“Though there is no doubt that this book is a formidable academic achievement, it is not an easy read. Its analysis is, to borrow the words of Ellen Arnold […], both exhaustive and exhausting.”

Fourth, Benedictow is scathing in his criticism of scholars who have come to other conclusions or disagree with him. To be clear, it is not the criticism itself that I find objectionable, merely the strong wording in which it is delivered. His preface condemns a study he argues is omitting and misinterpreting source material as showing “flagrant breaches of the tenets of historical methodology” (p. xxv). Later, he is infuriated by the claim of a fellow scholar that he would have misread a historical chronicle, writing of “highly offensive personal accusations” (p. 580) that are “groundless and shameless” (p. 583). He even goes so far as to question the editorial standards of the journal: “it does not serve any purpose to submit a rebuttal to a journal where the editors have shown gross disregard for ordinary scholarly standards” (p. 589). On the contrary, criticism and rebuttals in the peer-reviewed literature are the bread and butter of academia and there are always other journals where you can submit your response. Benedictow’s hostility and defensiveness are not becoming a senior scholar and raise red flags, no matter how solid the scholarship is. Unfortunately, seeing that other reviewers have written the same about earlier books, it is clear that he is unlikely to change his style. I would encourage readers to not let it detract from the good work that lies underneath.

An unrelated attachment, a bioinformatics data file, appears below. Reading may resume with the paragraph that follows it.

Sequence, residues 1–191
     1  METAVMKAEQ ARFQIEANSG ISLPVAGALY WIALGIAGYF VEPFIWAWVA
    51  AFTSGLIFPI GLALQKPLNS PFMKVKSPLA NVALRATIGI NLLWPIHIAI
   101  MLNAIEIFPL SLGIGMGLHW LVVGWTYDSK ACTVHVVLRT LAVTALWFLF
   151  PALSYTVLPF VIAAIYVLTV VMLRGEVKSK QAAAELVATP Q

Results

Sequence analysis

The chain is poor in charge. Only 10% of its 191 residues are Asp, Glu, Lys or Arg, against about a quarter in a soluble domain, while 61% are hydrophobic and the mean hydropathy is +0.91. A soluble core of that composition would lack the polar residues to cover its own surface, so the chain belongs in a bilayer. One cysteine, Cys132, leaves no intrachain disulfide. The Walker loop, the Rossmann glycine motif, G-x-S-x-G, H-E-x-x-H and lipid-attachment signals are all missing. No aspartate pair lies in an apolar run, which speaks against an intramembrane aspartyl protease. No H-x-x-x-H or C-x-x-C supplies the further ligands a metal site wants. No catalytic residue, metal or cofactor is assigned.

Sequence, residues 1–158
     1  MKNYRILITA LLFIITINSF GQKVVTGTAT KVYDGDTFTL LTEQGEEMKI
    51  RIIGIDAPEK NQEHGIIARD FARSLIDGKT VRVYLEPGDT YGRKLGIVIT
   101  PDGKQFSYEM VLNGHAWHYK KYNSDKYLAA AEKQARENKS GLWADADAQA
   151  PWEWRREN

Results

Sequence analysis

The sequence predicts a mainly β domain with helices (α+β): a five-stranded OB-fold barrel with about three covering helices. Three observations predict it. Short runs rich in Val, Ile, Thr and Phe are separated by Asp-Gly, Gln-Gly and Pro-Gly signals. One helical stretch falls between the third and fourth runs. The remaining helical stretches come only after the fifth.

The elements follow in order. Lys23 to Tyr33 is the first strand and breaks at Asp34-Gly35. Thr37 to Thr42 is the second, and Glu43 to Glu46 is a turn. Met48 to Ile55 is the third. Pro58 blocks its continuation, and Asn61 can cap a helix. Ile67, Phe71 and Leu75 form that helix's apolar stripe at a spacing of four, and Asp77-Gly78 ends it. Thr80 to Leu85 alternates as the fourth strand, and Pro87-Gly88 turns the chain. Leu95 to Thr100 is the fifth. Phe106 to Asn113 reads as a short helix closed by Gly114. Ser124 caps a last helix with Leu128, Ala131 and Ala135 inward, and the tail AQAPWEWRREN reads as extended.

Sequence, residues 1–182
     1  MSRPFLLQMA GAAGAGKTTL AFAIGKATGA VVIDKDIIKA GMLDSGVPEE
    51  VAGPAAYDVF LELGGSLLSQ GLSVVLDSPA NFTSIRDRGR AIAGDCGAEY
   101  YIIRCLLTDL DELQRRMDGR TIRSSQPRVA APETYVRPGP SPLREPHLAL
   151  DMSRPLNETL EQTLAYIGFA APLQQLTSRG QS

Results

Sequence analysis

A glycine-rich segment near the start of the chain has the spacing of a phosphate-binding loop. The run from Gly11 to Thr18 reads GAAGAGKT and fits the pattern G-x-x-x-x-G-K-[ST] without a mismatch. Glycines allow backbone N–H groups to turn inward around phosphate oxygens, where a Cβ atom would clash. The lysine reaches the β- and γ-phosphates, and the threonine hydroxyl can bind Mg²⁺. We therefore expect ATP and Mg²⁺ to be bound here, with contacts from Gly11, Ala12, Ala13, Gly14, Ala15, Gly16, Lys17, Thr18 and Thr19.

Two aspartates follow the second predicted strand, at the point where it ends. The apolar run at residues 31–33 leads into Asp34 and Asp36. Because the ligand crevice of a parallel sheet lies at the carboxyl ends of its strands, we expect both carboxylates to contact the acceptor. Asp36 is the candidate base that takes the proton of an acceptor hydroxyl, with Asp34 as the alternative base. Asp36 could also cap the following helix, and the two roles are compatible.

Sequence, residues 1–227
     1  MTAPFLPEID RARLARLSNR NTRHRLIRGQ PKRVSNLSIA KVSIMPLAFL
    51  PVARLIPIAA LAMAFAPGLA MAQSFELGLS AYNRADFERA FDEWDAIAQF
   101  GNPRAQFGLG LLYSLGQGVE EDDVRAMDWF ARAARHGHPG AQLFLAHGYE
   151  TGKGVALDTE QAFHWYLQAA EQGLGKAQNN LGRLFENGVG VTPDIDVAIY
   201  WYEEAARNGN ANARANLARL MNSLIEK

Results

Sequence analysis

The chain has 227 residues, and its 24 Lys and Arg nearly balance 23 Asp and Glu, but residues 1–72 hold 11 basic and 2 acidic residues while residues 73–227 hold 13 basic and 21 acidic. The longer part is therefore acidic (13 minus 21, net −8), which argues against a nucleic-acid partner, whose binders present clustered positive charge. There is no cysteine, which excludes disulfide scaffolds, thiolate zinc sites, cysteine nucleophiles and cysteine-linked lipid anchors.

In short, this book would have benefited from the attention of an editor to reign in some of the worst writing excesses. Further points of improvement I would suggest would be more maps when discussing the spread of the Black Death. Though the overview map on the endpapers is a stroke of brilliance, only a few chapters include maps and it is easy to get lost in the flurry of unfamiliar place names. Similarly, I question the presentation of the mortality data. One claim he circles back to is that rural mortality was higher than urban mortality, and more generally that there is an inverse correlation between population density and mortality. This sounds counterintuitive but has been observed by others as well. However, Benedictow’s presentation of tabulated averages by itself is far from convincing. There is no indication of the spread of the data around the averages, nor any mention of results of statistical tests.

Despite my criticism, it is crystal clear that The Complete History of the Black Death is a very significant contribution to plague research. For general readers interested in history this book will be a long and hard read, but for historians, especially those working on the history of infectious diseases and epidemics, there is no way around this book. I am particularly impressed with Benedictow’s strenuous efforts at not just revisiting this book 18 years later but so significantly expanding it. If you read the first edition or used it in your research, you will need to upgrade to this second edition.

Early on, Benedictow writes that “the reason the history of the Black Death is important [is that] it made history” (p. 13). Kyle Harper showed this world-shaping force of infectious disease more generally in Plagues Upon the Earth, but to examine this in more detail for the Black Death I will next turn to Belich’s The World the Plague Made.

Disclosure: The publisher provided a review copy of this book. The opinion expressed here is my own, however.

The Complete History of the Black Death (2nd edition)

Other recommended books mentioned in this review: